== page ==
Auburn fired coach Bryan Harsin earlier this month and has gone 2-1 since under interim coach Carnell Williams, the former star running back for the Tigers.

With Kiffin off the market, Auburn is eyeing a former Mississippi coach to be its next coach.

A person familiar with the search told the AP that Auburn is interested in Liberty coach Hugh Freeze. The person spoke to the AP on condition of anonymity because Auburn was not making details of its search public.

Freeze coached at Ole Miss for five seasons before leaving in disgrace in 2017 after the school discovered he used a university cellphone to call an escort service.

He landed at Liberty and has gone 34-14 in four seasons with the Flames.

Nebraska signs Matt Rhule to 8-year deal

Bob Donnan-USA TODAY Sports
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After six straight losing seasons and more than 20 years removed from its 1990s heyday, Nebraska is turning to Matt Rhule to rebuild its program and make it competitive in the Big Ten Conference.

Rhule signed an eight-year contract to be the Cornhuskers’ next coach and will be introduced at a news conference, the school announced.

The 47-year-old Rhule quickly turned around downtrodden programs at Temple and Baylor before leaving for the NFL to coach the Carolina Panthers. The Panthers fired him in October after he started his third season with four losses in five games.

“It is a tremendous honor to be chosen to lead the Nebraska football program,” Rhule said in a statement. “When you think of great, tradition-rich programs in college football, Nebraska is right at the top of the list. The fan base is second to none, and I consider it a privilege to have the opportunity to coach in Memorial Stadium on Tom Osborne Field. My family and I are so grateful to become a part of the Husker Family, and we can’t wait to get started.”

Rhule was 11-27 with Carolina and left with about $40 million remaining on the seven-year, guaranteed $62 million contract he signed in 2020. The contract made Rhule the sixth-highest paid coach in the NFL when he signed in 2020, according to Forbes.

Nebraska said it would release details of Rhule’s contract.

“It is a privilege to welcome Coach Matt Rhule, his wife, Julie, and their family to Nebraska,” athletic director Trev Alberts said. “Coach Rhule has created a winning culture throughout his coaching career, and he will provide great leadership for the young men in our football program.

“Matt is detail-oriented, his teams are disciplined and play a physical brand of football. Matt also has the personality and relationship-building skills to build a great staff and excel in recruiting.”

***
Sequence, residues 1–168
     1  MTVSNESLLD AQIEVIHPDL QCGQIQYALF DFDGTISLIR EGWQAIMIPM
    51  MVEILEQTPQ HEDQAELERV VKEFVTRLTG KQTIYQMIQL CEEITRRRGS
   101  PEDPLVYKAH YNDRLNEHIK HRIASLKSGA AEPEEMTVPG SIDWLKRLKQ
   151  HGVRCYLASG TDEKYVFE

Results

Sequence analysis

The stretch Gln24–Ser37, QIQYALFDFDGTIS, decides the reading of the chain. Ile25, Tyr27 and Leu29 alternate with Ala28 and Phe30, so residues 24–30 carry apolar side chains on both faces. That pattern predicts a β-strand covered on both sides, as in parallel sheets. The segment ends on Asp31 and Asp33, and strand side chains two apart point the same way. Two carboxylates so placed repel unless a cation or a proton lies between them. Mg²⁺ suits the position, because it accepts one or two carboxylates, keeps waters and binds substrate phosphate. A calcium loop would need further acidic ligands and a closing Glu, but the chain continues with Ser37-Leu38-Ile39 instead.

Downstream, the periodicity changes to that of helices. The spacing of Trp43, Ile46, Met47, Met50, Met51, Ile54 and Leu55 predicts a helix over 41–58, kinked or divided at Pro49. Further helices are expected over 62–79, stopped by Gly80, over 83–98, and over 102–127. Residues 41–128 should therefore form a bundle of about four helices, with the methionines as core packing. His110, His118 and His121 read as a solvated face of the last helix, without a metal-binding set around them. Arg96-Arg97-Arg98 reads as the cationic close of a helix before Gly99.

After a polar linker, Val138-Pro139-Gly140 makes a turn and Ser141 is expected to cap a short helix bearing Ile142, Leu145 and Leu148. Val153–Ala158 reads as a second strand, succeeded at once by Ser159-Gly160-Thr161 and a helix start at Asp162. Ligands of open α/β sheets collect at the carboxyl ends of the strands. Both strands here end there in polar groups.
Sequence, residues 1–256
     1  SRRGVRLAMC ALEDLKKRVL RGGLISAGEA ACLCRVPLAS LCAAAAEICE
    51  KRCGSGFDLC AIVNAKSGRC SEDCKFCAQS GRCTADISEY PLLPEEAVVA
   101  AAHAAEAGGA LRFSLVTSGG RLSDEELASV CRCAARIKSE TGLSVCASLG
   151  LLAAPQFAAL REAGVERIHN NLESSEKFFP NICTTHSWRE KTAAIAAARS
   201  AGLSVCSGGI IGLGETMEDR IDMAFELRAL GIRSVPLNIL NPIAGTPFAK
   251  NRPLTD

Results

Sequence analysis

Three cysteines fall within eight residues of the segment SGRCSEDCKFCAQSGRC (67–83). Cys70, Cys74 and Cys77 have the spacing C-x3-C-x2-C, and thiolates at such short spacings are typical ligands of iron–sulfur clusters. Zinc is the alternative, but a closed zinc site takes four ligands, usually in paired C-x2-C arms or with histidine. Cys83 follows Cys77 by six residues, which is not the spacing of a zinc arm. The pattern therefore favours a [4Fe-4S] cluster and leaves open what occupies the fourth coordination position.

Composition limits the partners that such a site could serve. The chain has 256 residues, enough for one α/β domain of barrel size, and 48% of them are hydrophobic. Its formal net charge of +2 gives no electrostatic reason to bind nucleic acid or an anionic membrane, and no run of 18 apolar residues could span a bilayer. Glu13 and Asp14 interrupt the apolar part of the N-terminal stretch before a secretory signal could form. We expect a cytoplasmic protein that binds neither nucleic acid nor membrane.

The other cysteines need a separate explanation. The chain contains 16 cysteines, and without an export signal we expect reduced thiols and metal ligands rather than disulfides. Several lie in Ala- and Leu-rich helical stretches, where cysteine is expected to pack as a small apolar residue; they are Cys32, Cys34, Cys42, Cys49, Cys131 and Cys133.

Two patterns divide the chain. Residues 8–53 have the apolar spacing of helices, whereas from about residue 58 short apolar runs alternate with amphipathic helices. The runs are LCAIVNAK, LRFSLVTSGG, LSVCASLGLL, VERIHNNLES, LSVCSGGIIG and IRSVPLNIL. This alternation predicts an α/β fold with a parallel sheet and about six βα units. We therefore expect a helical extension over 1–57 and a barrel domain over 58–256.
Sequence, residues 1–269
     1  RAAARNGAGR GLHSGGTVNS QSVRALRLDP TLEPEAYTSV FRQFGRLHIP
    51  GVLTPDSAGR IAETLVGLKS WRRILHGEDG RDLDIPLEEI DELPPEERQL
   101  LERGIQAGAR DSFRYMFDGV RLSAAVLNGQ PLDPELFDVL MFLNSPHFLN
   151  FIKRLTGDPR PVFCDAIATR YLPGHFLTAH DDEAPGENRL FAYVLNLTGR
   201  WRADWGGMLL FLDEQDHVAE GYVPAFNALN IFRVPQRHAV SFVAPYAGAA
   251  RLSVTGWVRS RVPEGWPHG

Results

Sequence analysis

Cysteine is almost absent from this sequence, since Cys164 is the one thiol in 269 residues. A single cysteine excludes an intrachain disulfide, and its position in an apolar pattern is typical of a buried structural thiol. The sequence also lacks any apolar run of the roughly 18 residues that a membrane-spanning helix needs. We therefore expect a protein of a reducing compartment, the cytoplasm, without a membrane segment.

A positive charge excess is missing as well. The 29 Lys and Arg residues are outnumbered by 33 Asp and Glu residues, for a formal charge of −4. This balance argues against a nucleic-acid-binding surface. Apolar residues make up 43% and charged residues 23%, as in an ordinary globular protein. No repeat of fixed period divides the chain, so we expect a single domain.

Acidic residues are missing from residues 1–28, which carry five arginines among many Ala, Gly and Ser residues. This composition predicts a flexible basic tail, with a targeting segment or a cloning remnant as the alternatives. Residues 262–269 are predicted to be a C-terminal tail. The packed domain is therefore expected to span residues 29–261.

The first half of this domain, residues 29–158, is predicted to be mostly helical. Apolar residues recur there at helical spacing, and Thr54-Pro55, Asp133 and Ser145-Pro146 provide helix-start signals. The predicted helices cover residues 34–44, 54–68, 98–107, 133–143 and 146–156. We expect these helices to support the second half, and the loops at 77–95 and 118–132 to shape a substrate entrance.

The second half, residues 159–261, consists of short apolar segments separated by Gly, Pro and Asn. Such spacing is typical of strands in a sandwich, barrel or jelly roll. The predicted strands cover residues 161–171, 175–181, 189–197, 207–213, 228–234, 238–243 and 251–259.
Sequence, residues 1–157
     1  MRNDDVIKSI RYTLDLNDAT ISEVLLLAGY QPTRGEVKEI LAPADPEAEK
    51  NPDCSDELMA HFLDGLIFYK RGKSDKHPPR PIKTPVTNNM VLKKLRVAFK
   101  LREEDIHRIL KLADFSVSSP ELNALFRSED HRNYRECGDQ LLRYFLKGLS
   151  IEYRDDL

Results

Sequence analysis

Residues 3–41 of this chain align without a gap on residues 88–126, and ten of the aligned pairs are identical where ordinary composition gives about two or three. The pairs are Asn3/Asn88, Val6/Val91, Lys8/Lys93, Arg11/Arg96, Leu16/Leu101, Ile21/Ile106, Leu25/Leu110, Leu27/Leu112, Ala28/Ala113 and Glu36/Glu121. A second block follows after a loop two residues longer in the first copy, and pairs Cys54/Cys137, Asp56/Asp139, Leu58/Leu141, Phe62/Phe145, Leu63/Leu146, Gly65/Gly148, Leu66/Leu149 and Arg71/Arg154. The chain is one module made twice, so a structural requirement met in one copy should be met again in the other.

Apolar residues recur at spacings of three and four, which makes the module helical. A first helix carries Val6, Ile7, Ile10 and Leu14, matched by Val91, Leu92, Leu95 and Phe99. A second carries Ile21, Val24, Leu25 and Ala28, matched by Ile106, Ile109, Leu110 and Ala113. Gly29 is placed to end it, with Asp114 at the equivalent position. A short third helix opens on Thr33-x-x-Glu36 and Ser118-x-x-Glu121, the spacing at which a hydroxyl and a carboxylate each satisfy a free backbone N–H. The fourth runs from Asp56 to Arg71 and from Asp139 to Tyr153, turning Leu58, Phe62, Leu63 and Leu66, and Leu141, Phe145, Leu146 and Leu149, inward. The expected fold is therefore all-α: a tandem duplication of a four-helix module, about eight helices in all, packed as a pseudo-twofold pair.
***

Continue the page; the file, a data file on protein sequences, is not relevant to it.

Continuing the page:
About an hour after Rhule’s hiring was announced, wide receiver Trey Palmer announced on Instagram that he would declare for the NFL draft. Palmer, who transferred from LSU after last season, had three 150-yard games this year and set the Huskers’ single-season record with 1,043 yards.

The Huskers are among eight Football Bowl Subdivision programs with at least 900 wins, and they have won or shared five national championships. The last one came in 1997 under Hall of Fame coach Tom Osborne.

Five coaches have come and gone since then, most recently the quarterback of that ’97 team, Scott Frost.

Alberts fired Frost on Sept. 11 after the Huskers opened 1-2, with losses to Northwestern in Ireland and to Georgia Southern at home. They were 3-6 under interim coach Mickey Joseph and finished the season 4-8 following a 24-17 win at Iowa.

Nebraska was 16-31 in four-plus seasons under Frost, never finishing higher than fifth in the Big Ten West or going to a bowl.

In four seasons at Temple, Rhule coached the Owls to 28 wins. That included 26 from 2014-16. Temple was 10-4 in 2015 and reached the American Athletic Conference’s inaugural championship game. In 2016, Rhule led the Owls to a 10-3 record and an AAC championship. The conference title was the first in 49 seasons for the Temple program, and the Owls reached bowl games in consecutive seasons for the first time in school history.

Rhule was named Baylor’s coach in December 2016 in the wake of an investigation that found the private Baptist university had not responded adequately to allegations of sexual assault by players, resulting in the firing of Art Briles.

Rhule’s trajectory was similar at Baylor, where he went from 1-11 in 2017 to 7-6 with a bowl game the next season. In his third and final season, Baylor was ranked in the top 10, played in the Big 12 championship game and finished 11-3 after a Sugar Bowl loss to Georgia.

Rhule’s collegiate success provided him the opportunity to take over as the Carolina Panthers’ head coach in 2020. He guided the Panthers to five wins in each of his first two seasons before this year’s 1-4 start got him fired.

Rhule has ties to the Big Ten. He moved from New York City to State College, Pennsylvania, as a teenager. He played linebacker at Penn State from 1994-97 and began his coaching there as a volunteer assistant.